Petitioner Power Commercial & Industrial Development Corporation, an industrial asbestos manufacturer, needed a bigger office space and warehouse for its products. For this purpose, on January 31, 1979, it entered into a contract of sale with the spouses Reynaldo and Angelita R. Quiambao, herein private respondents. The contract involved a 612-sq. m. parcel of land covered by Transfer Certificate of Title No. S-6686 located at the corner of Bagtican and St. Paul Streets, San Antonio Village, Makati City. The parties agreed that petitioner would pay private respondents P108,000.00 as down payment, and the balance of P295,000.00 upon the execution of the deed of transfer of the title over the property. Further, petitioner assumed, as part of the purchase price, the existing mortgage on the land. In full satisfaction thereof, he paid P79,145.77 to Respondent Philippine National Bank (“PNB”). Respondent spouses mortgaged again said land to PNB to guarantee a loan of P145,000.00, P80,000.00 of which was paid to respondent spouses. Petitioner agreed to assume payment of the loan. The parties executed a Deed of Absolute Sale With Assumption of Mortgage. On the same date, Mrs. C.D. Constantino, then General Manager of petitioner-corporation, submitted to PNB said deed with a formal application for assumption of mortgage. PNB informed respondent spouses that, for petitioner’s failure to submit the papers necessary for approval pursuant to the former’s letter, the application for assumption of mortgage was considered withdrawn; that the outstanding balance of P145,000.00 was deemed fully due and demandable; and that said loan was to be paid in full within fifteen (15) days from notice.Petitioner paid PNB P41,880.45 on June 24, 1980 and P20,283.14 on December 23, 1980, payments which were to be applied to the outstanding loan. PNB received a letter from petitioner. On March 17, 1982, petitioner filed Civil Case No. 45217 against respondent spouses for rescission and damages before the RTC of Pasig, Branch 159. Then, in its reply to PNB’s letter of February 19, 1982, petitioner demanded the return of the payments it made on the ground that its assumption of mortgage was never approved. While this case was pending, the mortgage was foreclosed. The property was subsequently bought by PNB during the public auction. Thus, an amended complaint was filed impleading PNB as party defendant. The trial court ruled that the failure of respondent spouses to deliver actual possession to petitioner entitled the latter to rescind the sale, and in view of such failure and of the denial of the latter’s assumption of mortgage, PNB was obliged to return the payments made by the latter.On appeal by respondent-spouses and PNB, Respondent Court of Appeals reversed the trial court. It held that the deed of sale between respondent spouses and petitioner did not obligate the former to eject the lessees from the land in question as a condition of the sale, nor was the occupation thereof by said lessees a violation of the warranty against eviction. Hence, there was no substantial breach to justify the rescission of said contract or the return of the payments made.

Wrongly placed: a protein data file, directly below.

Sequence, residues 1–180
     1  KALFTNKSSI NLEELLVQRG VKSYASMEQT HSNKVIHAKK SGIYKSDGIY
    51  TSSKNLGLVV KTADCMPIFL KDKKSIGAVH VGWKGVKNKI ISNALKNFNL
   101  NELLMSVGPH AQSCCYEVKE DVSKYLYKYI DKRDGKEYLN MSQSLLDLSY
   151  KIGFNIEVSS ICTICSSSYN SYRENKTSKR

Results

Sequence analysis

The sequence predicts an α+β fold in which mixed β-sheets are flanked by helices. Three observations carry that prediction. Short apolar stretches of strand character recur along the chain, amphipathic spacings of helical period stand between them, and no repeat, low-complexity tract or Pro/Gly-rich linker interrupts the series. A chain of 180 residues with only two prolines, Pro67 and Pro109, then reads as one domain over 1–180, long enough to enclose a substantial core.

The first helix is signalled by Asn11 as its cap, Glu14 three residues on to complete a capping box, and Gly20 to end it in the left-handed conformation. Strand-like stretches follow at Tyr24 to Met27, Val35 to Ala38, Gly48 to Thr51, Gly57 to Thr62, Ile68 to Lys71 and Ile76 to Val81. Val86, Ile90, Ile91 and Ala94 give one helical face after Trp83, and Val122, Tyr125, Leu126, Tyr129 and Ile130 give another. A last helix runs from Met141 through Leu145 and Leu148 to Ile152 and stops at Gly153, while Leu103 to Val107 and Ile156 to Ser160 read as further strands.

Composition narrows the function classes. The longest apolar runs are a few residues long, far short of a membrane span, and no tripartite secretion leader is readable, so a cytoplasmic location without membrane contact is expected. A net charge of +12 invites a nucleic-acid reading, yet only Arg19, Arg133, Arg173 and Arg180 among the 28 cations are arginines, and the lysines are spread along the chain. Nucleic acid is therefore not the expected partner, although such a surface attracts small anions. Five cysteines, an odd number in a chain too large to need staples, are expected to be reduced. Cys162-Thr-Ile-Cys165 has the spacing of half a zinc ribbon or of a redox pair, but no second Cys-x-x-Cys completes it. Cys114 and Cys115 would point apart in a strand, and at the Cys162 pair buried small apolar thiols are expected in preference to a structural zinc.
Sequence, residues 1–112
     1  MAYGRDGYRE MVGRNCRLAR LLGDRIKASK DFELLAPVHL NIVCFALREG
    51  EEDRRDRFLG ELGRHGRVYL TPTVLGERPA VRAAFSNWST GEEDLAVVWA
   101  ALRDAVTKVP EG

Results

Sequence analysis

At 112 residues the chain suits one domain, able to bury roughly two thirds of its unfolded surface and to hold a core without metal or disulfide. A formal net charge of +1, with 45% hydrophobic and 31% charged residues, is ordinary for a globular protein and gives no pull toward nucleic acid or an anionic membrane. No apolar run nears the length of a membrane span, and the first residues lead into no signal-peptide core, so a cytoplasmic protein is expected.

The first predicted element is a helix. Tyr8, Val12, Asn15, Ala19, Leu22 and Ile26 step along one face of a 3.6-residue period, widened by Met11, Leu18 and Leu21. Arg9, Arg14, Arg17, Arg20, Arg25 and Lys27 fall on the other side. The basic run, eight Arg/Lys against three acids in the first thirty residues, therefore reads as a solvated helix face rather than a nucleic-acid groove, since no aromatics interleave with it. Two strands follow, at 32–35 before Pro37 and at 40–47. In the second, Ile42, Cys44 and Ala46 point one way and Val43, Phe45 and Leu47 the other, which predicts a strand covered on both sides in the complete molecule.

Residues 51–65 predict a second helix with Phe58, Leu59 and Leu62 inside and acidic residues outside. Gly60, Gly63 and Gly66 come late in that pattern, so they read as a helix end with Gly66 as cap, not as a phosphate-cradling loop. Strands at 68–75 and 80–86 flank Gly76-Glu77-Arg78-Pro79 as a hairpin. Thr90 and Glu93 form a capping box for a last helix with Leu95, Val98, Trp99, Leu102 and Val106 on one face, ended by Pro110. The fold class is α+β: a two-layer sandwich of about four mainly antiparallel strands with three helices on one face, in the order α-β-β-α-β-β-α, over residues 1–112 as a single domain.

Issue: Whether or not there is a breach of warranty against eviction.
Obvious to us in the ambivalent stance of petitioner is its failure to establish any breach of the warranty against eviction. Despite its protestation that its acquisition of the lot was to enable it to set up a warehouse for its asbestos products and that failure to deliver actual possession thereof defeated this purpose, still no breach of warranty against eviction can be appreciated because the facts of the case do not show that the requisites for such breach have been satisfied. A breach of this warranty requires the concurrence of the following circumstances:
(1) The purchaser has been deprived of the whole or part of the thing sold;
(2) This eviction is by a final judgment;
(3) The basis thereof is by virtue of a right prior to the sale made by the vendor; and
(4) The vendor has been summoned and made co-defendant in the suit for eviction at the instance of the vendee. 25
In the absence of these requisites, a breach of the warranty against eviction under Article 1547 cannot be declared.Petitioner argues in its memorandum that it has not yet ejected the occupants of said lot, and not that it has been evicted therefrom. As correctly pointed out by Respondent Court, the presence of lessees does not constitute an encumbrance of the land, nor does it deprive petitioner of its control thereof.We note, however, that petitioner’s deprivation of ownership and control finally occurred when it failed and/or discontinued paying the amortizations on the mortgage, causing the lot to be foreclosed and sold at public auction. But this deprivation is due to petitioner’s fault, and not to any act attributable to the vendor-spouses.Because petitioner failed to impugn its integrity, the contract is presumed, under the law, to be valid and subsisting.
Digest Credit: Mac Burdeos Camposuelo